Many thanks to those ministers whose countries signed up to the Schengen Agreement which did away with border controls ! Got sweet FA to do with Schengen, or the EU for that matter. Taxation, unless you failed to notice, is not common throughout the EU and some EU member states have very strict rules when it comes to residency and taxation. I recently accepted a position in Copenhagen, and considered living across the bridge in Sweden. Reasons being that tax is a bit lower, housing a bit lower and cars at around 1/3 the price of Denmark. However, and here's the killer, if I did that the rules between Denmark and Sweden says I'll pay my taxes where I earn my money, so that'll be in Denmark. Furthermore, Denmark has rules saying that as a non-resident you can only drive your foreign registered car 30 days a year in Denmark. As a resident of Denmark you are not allowed to drive a foreign registered car, except for transit journeys (e.g. rent a car in Sweden, drive it straight across Denmark and down to Germany. You are not even allowed to swing by your own residence).

There is nothing stopping Spain from doing the same.

TSR2
11th May 2013, 11:22
Good to see that your back. Trust you are ok.

El Grifo
11th May 2013, 12:03
So the EU is on the point of collapse, again.

The Euro is about to collapse, again.

Spain is reverting to the Peseta, again.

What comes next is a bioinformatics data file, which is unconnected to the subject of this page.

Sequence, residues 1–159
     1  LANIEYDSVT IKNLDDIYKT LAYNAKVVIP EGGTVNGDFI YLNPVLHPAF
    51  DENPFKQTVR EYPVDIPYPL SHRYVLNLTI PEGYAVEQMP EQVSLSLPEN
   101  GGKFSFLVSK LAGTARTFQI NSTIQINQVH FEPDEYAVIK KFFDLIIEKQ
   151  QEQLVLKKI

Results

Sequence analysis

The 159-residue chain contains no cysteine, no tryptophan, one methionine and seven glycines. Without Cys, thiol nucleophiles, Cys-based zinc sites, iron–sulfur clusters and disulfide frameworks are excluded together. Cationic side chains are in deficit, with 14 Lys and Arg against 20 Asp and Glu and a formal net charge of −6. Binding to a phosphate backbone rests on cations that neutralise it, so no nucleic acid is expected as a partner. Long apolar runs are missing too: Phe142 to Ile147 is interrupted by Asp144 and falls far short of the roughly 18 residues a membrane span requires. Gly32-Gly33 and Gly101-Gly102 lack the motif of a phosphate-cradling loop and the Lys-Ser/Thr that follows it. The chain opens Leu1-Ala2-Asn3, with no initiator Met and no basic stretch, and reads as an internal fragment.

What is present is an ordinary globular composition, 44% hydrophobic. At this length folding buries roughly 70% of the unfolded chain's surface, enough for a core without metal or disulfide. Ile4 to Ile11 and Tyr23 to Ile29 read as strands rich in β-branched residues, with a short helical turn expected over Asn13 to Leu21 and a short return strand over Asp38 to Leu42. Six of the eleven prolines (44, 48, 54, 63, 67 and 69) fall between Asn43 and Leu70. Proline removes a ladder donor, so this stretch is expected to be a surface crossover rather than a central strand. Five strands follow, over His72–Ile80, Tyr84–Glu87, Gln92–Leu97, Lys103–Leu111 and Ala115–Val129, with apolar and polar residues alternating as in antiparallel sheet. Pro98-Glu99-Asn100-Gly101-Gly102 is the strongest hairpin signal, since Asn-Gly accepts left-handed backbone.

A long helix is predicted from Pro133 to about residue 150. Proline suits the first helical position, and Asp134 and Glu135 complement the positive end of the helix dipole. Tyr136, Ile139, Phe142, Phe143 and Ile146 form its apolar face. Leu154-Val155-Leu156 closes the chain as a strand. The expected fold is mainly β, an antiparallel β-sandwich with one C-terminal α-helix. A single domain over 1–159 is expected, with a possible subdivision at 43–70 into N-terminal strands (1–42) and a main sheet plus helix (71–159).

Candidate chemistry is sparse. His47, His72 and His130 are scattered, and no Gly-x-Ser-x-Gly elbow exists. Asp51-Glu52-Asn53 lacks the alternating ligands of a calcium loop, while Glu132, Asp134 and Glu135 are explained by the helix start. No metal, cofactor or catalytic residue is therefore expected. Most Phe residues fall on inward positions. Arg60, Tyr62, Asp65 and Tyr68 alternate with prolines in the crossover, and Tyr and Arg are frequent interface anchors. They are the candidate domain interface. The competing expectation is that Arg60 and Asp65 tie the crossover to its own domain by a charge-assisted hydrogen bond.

Didn't we have this discussion in 2012, or was it 2011.

Repent, the end is nigh :ugh:

arcniz
11th May 2013, 12:59
One takes note of the contents of this thread with great interest.

Particularly notable, IMHO, are the comments by Sciolistes and OFSO, both distinguished by connection to recognizable frames for conceptual reference.

Splicing together a bunch of uncollimated and historically unfriendly cultures is a long shot at best. Throw in erratic, spoofed, and possibly also largely unmonitored economies, and one has the stuff of which comedy and tragedy can be made. For the final irony, add to that some sprouts of stuffed shirts in Bruxelles, and then top it with a virtual cherry representing the illusory affluence that seemed to come out of debt-binge euphoria in the early 2000's, which now has been written down to zip as poor accounting and self-deception.

One respectfully wishes to suggest another conceptual item of possible relevance -- possibly able to either make or break the outcome from whatever patchup fixing ball of string follows the present bolix.

The net of the concept is that this is now marks the first time in the history of humanity that a de-nuovo system with massive scope and effect has the opportunity for conception, deployment, and application for use in a fully-computerized Europe.

A single system "product" can and should be devised, built, delivered and applied as a tool that implements de facto policy uniformity at street-level throughout the EU, much as street-corner banking boxes deliver fiscal access and controls to general populations across a vast geography.

The EgovU System that one hereby proposes can and will serve - incrementally and with respect for local history and precedent - to gradually nudge a new methodology for counting and accounting, taxing and collecting, into every nook and cranny of the continent.

Established and proven Systems Companies from within the EU and perhaps elsewhere will devise, perfect, deploy and operate the System under guidance from appropriate political and bureaucratic agencies in each geographic area.